This church had its inception through the efforts of Rev. S. J. Mellinger and wife, evangelists of Logansport, who in February, 1913, held a series of revival meetings in the lower room of the Odd Fellows' hall in Anoka. They awakened a great religious interest in the community, and as a result a church organization was perfected with seventy six charter members.

Steps were at once taken to erect a house of worship and a board of trustees was appointed, consisting of A. J. Shorts, president, with William Hopper, H. O. Warrick, A. J. Hunter, P. K. Shaffer, Harry Gotshall, G. W. Washburn, W. R. Tousley and Charles E. Woodling.

The trustees at once purchased a building site east of the Odd Fellows' hall in Anoka, and have let the contract for the erection of an $8,000 brick church which is now (May 27, 1913), in process of construction. This, the latest church organization in Cass county, is starting out with bright prospects, and no doubt will be a tower of strength to the weak and wavering sons and daughters of Eve in the Anoka neighborhood.'

The congregation has secured the services of Rev. Hall, a young and energetic' minister, who is holding regular services in the Odd Fellows' building until their new church is completed.


About 1855 Elder Daniel Witters began holding meetings in private residences and at the Burkit log schoolhouse in the south part of Washington township. Mr. Witters was a magnetic man of more than ordinary ability, and by the forceful presentation of the doctrines of his church, succeeded in securing many communicants to accept the Bible alone as the standard of faith and practice. About twenty six persons went into the organization which was effected in the Burkit schoolhouse. Among this number were: David Burkit and wife, Painter West and wife, Alexander Smith and wife, Theodore Hipshire and wife, Alfred Bunger and wife, Alfred Guy and wife, Jack Small and wife, Enslee Vernon and wife. Mr. Enslee Vernon is the only charter member now living (1913), and we are indebted to him for these notes.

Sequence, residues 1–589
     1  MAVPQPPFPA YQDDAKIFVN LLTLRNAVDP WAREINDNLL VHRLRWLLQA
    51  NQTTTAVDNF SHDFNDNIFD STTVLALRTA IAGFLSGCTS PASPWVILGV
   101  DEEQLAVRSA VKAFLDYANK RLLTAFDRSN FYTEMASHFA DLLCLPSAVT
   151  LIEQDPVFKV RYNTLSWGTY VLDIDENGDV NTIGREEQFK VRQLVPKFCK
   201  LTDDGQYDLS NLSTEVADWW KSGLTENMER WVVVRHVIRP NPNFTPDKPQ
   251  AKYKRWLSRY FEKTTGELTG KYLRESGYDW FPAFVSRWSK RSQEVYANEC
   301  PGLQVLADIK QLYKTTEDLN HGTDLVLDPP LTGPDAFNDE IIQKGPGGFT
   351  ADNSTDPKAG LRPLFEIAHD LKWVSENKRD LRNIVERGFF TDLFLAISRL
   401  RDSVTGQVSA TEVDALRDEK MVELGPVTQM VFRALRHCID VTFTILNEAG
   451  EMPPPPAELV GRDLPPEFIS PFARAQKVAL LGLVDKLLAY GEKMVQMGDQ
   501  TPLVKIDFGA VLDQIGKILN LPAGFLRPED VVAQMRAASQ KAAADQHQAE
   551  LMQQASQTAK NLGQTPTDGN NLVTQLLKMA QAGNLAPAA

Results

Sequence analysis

Meetings were held in the Burkit and Bruner schoolhouses for a number of years, and later in the old log Methodist church in the neighborhood, which was built by the two societies jointly.

In 1872 the congregation, together with the aid of the Methodists, whose church organization had disbanded, was reorganized by Revs. Thomas Whitman and William Winegardner, and a commodious house of worship was erected on land donated by M. Rogers, situated on the southwest corner of section 28. The church was 36x50 feet in size and represdnted a capital of $2,800.

On the top of the steeple was placed a large blue ball or globe, emblematic of the Christians' field of work, and from this fact the church has commonly been called "Blue Ball Church." This building continued to be occupied until 1911, when it was replaced by the present handsome church, constructed of cement blocks. The expenditure of rebuilding was over $5,000.

A Sunday school was instituted in 1872 and with the Ladies' Aid Society are well attended and doing a noble work in elevating the moral and spiritual character of the community.